Why Do Cotton Candy Grapes Actually Taste Like Cotton Candy?

Contributor
It’s like eating cotton candy without the refined sugar
Cotton Candy Grapes

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Cotton candy grapes are in season from August 10 to September 20.

Cotton candy grapes are taking the world by storm because, well, they actually taste like cotton candy. How is this possible?

They are made by plant breeding, meaning that farmers who cultivate these grapes cross different types of grapes together. David Cain, a horticulturist, and his team at the International Fruit Genetics in Bakersfield, California mixed two types of grapes — a Concord-like grape and seedless Vitis vineferia, which is a grape vine commonly found in the Mediterranean.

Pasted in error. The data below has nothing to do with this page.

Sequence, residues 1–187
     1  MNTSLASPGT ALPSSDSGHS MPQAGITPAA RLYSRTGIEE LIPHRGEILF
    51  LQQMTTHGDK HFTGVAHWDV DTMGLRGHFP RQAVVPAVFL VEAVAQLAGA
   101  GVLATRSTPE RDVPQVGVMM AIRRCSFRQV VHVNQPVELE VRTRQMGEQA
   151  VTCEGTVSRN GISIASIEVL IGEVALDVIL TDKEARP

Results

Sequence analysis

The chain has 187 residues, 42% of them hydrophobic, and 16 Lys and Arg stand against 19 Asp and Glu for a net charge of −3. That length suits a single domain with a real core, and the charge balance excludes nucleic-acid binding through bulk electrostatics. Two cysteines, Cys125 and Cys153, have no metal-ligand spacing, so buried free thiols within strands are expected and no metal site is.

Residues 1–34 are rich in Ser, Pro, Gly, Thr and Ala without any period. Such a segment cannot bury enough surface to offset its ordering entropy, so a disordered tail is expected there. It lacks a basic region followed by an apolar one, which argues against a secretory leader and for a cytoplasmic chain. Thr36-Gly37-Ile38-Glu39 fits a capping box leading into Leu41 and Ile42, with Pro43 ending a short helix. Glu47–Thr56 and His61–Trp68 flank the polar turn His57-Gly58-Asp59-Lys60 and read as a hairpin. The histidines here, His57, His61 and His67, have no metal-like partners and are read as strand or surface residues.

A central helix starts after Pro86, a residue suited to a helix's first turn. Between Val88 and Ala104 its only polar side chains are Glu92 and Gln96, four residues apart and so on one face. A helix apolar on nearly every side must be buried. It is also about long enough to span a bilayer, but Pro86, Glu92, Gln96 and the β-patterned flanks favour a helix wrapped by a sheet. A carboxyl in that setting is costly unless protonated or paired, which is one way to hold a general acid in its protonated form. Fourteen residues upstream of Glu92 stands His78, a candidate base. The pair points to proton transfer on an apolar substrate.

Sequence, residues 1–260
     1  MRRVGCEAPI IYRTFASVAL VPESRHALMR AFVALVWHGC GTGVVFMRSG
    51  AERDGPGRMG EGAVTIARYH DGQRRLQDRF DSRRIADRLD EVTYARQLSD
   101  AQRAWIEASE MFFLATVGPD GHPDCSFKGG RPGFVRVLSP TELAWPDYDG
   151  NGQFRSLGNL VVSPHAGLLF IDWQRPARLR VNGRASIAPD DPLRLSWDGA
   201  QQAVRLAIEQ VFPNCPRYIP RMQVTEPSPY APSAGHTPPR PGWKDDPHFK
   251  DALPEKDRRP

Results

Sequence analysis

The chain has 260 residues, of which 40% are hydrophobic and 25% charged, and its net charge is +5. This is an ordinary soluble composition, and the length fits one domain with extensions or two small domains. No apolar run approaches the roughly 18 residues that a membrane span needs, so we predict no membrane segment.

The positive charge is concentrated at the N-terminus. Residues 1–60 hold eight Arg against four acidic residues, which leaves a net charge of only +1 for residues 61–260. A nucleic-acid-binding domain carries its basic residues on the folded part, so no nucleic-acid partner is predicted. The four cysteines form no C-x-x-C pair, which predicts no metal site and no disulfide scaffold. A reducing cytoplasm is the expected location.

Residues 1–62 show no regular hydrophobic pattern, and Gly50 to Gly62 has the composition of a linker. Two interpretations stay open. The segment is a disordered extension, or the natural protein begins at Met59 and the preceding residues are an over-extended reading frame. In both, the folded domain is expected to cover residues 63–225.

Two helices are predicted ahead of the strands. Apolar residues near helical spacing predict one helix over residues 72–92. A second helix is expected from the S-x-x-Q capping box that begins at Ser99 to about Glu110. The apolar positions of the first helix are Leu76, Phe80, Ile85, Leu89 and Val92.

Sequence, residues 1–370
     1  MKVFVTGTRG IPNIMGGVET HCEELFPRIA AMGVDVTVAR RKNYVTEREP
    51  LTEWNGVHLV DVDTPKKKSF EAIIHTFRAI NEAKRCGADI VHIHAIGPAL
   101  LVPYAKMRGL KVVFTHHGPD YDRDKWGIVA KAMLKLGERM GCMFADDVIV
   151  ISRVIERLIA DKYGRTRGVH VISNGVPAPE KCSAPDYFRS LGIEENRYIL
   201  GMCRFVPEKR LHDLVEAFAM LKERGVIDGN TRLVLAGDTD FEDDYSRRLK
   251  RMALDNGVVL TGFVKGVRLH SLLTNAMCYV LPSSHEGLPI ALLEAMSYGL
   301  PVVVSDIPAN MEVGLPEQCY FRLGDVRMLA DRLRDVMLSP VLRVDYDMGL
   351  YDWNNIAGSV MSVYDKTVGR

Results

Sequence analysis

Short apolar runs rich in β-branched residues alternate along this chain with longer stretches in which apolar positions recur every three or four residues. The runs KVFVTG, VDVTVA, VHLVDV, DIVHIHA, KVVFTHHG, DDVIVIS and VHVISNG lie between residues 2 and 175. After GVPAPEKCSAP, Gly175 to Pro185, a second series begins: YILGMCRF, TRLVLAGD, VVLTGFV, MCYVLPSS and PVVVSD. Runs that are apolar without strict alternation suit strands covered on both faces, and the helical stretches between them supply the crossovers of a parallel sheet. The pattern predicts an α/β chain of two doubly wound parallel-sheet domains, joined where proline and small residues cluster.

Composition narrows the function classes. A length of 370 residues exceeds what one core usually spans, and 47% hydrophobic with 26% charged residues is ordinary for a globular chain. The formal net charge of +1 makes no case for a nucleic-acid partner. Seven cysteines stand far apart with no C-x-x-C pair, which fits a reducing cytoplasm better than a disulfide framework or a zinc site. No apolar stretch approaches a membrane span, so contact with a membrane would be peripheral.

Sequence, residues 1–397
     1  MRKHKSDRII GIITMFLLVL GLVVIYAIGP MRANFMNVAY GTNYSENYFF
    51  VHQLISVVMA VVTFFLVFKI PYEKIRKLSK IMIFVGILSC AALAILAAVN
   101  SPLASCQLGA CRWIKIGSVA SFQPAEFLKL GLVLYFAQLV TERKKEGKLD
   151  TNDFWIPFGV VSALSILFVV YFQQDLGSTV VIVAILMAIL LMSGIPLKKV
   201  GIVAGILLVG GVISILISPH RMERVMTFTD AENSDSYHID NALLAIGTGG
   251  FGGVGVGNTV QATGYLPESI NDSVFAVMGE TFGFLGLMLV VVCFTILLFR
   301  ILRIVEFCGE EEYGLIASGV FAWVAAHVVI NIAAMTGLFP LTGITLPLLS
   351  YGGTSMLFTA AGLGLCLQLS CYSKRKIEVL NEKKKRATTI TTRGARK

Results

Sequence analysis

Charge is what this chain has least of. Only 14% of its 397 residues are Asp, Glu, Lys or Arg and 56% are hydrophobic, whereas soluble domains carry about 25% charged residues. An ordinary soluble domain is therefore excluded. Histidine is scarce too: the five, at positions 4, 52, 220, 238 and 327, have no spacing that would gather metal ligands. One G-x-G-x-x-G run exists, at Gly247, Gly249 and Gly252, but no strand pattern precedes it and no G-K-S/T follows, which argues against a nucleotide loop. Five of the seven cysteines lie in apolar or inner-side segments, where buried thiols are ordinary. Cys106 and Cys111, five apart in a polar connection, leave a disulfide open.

Cain told NPR that the whole process takes at least six years — sometimes 15 years. But, it’s worth it.

Companies like Grapery have varieties of flavored grapes, such as gum drops that taste like candy; moon drops, which are oblong; and witch fingers, which look like a bundle of purple fingers.

Cotton candy grapes season lasts from August 10 to September 20, so they are a late summer treat. They’re also almost out of season and they’ve become very popular (who wouldn’t want to eat a fruit that tastes like candy?), so they might be hard to get your hands on. But they’re worth seeking out.

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